Like “duty,”“law,”“religion,” the word “vocation” has a dull ring to it, but in terms of what it means, it is really not dull at all. Vocare, to call, of course, and a man’s vocation is a man’s calling. It is the work that he is called to in this world , the thing that he is summoned to spend his life doing. We can speak of a man’s choosing his vocation, but perhaps it is at least as accurate to speak of a vocation’s choosing the man, of a call’s being given and a man’s hearing it, or not hearing it. And maybe that is the place to start: the business of listening and hearing. A man’s life is full of all sorts of voices calling him in all sorts of directions. Some of them are voices from inside and some of them are voices from outside. The more alive and alert we are, the more clamorous our lives are. Which do we listen to? What kind of voice do we listen for?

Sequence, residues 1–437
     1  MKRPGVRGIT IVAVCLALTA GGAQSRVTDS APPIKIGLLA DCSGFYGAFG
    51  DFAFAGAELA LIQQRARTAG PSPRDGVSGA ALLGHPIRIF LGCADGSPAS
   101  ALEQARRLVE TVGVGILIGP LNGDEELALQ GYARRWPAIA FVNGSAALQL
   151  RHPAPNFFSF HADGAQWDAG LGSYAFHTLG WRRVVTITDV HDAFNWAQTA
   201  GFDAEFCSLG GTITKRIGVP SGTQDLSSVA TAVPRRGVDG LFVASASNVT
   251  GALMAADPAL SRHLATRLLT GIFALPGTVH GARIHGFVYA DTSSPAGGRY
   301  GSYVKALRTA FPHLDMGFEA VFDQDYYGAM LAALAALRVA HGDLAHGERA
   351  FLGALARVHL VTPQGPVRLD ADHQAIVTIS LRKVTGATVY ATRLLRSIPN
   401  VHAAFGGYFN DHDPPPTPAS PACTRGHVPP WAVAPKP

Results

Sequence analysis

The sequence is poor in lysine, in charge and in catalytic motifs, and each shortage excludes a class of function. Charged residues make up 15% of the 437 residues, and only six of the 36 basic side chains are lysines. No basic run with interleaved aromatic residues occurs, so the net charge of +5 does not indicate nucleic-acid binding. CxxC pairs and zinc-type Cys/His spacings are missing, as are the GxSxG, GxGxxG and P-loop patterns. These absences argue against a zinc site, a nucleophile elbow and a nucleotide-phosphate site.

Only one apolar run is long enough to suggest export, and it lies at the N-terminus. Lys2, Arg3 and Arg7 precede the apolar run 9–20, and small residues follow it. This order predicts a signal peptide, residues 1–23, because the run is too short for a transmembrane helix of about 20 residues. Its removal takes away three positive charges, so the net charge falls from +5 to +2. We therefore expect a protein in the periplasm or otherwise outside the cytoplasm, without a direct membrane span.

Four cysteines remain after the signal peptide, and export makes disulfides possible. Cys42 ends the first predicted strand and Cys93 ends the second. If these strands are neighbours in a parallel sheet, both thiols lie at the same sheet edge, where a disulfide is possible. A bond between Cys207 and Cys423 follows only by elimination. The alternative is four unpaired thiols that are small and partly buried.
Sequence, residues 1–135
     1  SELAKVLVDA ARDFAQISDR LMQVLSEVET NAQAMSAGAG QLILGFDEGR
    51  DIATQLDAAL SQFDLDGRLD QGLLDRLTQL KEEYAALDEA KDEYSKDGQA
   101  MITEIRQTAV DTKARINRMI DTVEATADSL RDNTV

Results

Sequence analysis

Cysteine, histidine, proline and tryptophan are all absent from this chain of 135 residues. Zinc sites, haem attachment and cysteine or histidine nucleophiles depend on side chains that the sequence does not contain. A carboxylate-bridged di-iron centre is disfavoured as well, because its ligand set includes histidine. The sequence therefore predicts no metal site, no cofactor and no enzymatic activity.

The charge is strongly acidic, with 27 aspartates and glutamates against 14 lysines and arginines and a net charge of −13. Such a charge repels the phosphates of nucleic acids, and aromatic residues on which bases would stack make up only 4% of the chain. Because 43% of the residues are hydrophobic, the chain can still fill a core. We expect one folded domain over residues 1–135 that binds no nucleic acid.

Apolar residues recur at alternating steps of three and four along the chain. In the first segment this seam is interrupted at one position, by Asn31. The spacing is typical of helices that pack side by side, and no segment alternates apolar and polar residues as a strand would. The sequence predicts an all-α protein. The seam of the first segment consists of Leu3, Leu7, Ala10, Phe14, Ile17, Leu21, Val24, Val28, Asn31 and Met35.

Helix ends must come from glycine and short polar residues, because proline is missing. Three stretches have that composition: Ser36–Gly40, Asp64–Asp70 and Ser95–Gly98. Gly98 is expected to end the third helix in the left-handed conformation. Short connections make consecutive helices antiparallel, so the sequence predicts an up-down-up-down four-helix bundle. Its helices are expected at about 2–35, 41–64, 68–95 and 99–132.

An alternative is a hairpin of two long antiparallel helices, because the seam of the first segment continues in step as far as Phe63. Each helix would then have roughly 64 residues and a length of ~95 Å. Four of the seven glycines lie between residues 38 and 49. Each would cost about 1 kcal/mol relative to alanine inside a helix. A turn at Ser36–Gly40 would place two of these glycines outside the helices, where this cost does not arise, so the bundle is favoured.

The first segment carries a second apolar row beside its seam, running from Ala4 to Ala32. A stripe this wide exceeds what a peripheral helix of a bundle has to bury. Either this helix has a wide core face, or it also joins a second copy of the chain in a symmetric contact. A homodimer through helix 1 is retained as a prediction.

The prologue of the Gospel of John is a sort of inversion of Genesis that shows that it’s not God who expels mankind, as the scene in earthly paradise tells us, but mankind who expelled God.
Be like Hafiz: Get up and make an effort. Don’t lie around like a bum.
He who throws himself at the Beloved’s feet is like a workhorse and will be rewarded with boundless pastures and eternal rest.
Hāfez (1325 –1389) Persian Mystical Poet. From: “Drunk on the Wine of the Beloved.
May we forget about ourselves. When we are intoxicated by his presence, we will feel that we can do miracles, that we can pass through fire and water, and that we can remain unafraid when thousands of swords are drawn against us. By his grace, we won’t fear anymore - neither life nor death, joy nor sorrow. We will be drunk with faith.
Saint John of the Cross